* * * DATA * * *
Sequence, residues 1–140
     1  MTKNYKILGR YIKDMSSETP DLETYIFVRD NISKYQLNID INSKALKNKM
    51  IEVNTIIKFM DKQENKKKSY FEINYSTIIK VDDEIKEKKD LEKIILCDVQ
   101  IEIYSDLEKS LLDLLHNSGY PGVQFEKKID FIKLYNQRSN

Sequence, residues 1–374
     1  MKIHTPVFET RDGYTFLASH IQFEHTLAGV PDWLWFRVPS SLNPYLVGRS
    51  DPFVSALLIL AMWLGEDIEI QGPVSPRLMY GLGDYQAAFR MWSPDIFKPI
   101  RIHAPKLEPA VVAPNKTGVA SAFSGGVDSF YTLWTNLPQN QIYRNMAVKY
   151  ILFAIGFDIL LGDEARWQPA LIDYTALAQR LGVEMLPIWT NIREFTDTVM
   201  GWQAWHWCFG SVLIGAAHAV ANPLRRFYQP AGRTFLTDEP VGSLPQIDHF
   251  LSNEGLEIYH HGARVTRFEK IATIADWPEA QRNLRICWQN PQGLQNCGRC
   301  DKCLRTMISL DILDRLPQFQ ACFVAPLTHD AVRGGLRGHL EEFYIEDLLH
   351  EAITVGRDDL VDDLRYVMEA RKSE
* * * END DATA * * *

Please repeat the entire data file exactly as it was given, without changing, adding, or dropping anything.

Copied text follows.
Sequence, residues 1–140
     1  MTKNYKILGR YIKDMSSETP DLETYIFVRD NISKYQLNID INSKALKNKM
    51  IEVNTIIKFM DKQENKKKSY FEINYSTIIK VDDEIKEKKD LEKIILCDVQ
   101  IEIYSDLEKS LLDLLHNSGY PGVQFEKKID FIKLYNQRSN

Sequence, residues 1–374
     1  MKIHTPVFET RDGYTFLASH IQFEHTLAGV PDWLWFRVPS SLNPYLVGRS
    51  DPFVSALLIL AMWLGEDIEI QGPVSPRLMY GLGDYQAAFR MWSPDIFKPI
   101  RIHAPKLEPA VVAPNKTGVA SAFSGGVDSF YTLWTNLPQN QIYRNMAVKY
   151  ILFAIGFDIL LGDEARWQPA LIDYTALAQR LGVEMLPIWT NIREFTDTVM
   201  GWQAWHWCFG SVLIGAAHAV ANPLRRFYQP AGRTFLTDEP VGSLPQIDHF
   251  LSNEGLEIYH HGARVTRFEK IATIADWPEA QRNLRICWQN PQGLQNCGRC
   301  DKCLRTMISL DILDRLPQFQ ACFVAPLTHD AVRGGLRGHL EEFYIEDLLH
   351  EAITVGRDDL VDDLRYVMEA RKSE